Tuesday, April 21, 2009

Education Guinea Pigs

We who grew up in Seward enjoyed a great deal of personal freedom to explore and to teach ourselves. We initiated and organized many of our own activities for ourselves -- sports games, plays in garages, Monopoly tournaments, toy-truck get-togethers, and so forth.

We also participated in school, community and church activities that are common throughout the USA -- sports, drama, music, festivals, fairs, and so forth. These activities were initiated and organized mostly by experienced adults -- by teachers, coaches, community leaders and so forth.

Since we grew up in a community that included a teachers college, we also participated in a variety of activities that were conducted by young adults who were learning how to become teachers, church leaders and community leaders. In this regard we grew up in a situation where we kids often served as guinea pigs for college students.

For example, during the three years that I lived on Faculty Lane, I probably took an IQ test every year. I think the same was true during that period for the other kids in my family. The reason for this frequency was simply that there was some Concordia College class where measuring a child's IQ was an academic assignment. We kids on Faculty Lane were nearby, and it was relatively easy for a college student to ask the parents living there for permission to do IQ tests on their children.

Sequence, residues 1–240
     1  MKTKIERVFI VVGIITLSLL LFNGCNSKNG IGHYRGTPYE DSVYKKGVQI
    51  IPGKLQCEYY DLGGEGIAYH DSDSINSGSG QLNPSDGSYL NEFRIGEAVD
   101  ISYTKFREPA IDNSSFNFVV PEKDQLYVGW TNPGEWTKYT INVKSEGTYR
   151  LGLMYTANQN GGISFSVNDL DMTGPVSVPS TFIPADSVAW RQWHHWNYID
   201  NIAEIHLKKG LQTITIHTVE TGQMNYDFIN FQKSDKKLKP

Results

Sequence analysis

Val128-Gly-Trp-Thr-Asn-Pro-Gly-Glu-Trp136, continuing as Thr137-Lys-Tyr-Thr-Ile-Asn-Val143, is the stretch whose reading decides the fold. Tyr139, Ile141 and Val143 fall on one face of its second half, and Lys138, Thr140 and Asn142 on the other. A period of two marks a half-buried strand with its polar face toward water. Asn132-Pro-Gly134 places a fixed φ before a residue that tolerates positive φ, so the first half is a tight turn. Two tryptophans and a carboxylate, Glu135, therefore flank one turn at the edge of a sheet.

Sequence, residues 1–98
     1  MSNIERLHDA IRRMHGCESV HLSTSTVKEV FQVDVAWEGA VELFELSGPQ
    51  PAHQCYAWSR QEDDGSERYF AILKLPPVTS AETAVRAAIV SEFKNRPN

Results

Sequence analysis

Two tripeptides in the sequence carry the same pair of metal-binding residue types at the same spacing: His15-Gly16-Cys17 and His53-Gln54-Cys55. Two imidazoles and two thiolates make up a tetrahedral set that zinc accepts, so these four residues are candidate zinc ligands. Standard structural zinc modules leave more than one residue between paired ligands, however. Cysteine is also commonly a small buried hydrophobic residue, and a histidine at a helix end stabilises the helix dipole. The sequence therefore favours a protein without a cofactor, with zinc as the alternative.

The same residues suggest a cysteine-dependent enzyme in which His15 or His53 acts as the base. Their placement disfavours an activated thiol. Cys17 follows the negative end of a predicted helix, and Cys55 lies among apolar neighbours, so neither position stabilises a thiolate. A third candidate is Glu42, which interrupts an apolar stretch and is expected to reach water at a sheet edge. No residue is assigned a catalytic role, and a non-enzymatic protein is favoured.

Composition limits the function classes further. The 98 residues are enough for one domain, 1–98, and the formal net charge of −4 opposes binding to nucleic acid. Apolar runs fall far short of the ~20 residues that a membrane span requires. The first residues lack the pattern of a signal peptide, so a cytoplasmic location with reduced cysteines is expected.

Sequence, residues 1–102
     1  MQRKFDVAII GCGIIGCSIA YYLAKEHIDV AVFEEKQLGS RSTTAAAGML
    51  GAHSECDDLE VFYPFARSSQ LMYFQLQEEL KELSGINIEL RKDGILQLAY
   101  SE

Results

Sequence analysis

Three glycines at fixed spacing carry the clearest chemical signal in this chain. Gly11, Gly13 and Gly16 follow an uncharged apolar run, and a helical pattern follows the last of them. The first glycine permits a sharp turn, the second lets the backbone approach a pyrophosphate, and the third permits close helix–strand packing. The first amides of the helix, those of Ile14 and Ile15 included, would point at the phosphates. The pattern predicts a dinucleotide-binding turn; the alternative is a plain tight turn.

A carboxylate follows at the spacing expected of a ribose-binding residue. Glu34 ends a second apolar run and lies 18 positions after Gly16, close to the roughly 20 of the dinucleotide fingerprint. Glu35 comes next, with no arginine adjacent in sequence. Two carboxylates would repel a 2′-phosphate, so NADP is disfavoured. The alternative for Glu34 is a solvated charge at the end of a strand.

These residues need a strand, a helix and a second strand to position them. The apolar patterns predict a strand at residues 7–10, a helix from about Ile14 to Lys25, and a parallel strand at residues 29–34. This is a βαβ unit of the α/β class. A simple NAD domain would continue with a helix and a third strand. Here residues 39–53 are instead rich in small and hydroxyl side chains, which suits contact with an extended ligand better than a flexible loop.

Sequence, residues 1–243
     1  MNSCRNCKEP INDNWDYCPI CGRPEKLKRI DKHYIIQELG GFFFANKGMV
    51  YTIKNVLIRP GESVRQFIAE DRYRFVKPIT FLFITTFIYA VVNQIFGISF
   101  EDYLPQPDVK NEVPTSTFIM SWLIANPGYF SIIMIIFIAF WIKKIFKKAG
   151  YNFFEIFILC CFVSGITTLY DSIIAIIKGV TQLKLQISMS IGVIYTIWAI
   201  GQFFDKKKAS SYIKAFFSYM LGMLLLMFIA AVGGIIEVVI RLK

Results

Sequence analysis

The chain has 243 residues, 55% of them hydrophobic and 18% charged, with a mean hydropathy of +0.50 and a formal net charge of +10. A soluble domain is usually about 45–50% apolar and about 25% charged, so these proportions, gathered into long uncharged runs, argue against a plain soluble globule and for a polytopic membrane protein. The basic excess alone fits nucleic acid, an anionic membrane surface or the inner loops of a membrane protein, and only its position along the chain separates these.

We students who attended St John Elementary School frequently were taught by student teachers from the College. Every year, every class had at least three student teachers. Each student teacher taught for a few weeks. Of course, we kids tested these student teachers' disciplinary skills. We behaved ourselves as long as our regular teacher stayed in the room, but as soon as the regular teacher left the room and left the student teacher in charge, then the hijinks began.

My father, Robert Sylwester, managed the student-teacher program at St John Elementary School, so he visited the school classrooms frequently to observe. This was a high-risk situation for me. If the student teacher was trying to conduct a class and I happened to stand on my chair and dance a jig in order to make fun of the student teacher, then there was a real possibility that my own father might open the door and walk in unexpectedly at that very embarrassing moment.